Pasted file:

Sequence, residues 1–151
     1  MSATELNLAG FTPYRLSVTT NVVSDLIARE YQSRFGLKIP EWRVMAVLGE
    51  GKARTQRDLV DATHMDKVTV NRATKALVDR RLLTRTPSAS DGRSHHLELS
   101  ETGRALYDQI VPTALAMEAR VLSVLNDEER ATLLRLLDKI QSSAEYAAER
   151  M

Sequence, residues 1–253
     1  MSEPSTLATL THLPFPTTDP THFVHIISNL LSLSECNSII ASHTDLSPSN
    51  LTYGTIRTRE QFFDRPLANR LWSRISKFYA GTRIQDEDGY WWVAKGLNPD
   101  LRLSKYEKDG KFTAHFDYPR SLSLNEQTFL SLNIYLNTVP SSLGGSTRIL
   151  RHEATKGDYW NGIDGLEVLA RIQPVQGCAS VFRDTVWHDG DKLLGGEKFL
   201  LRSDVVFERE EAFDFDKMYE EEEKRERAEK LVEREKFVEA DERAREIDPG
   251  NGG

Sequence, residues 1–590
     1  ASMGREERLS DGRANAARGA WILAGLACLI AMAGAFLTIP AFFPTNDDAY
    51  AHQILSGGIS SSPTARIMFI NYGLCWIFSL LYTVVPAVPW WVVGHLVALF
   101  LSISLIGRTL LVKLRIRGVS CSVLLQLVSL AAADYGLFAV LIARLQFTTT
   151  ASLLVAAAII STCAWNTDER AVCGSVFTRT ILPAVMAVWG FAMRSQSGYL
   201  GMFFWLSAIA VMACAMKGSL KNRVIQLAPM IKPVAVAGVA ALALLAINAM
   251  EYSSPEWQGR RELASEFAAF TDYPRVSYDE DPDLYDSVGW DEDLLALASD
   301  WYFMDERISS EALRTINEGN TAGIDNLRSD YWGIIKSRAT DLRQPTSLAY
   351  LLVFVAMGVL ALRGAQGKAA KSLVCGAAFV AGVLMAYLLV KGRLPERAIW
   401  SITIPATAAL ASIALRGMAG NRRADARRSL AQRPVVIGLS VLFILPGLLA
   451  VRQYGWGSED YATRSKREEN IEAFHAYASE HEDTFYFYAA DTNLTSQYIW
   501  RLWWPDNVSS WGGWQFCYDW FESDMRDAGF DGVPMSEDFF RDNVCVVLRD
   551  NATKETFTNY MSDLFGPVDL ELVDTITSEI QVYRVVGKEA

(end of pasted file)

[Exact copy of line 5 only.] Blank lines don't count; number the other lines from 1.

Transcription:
   151  M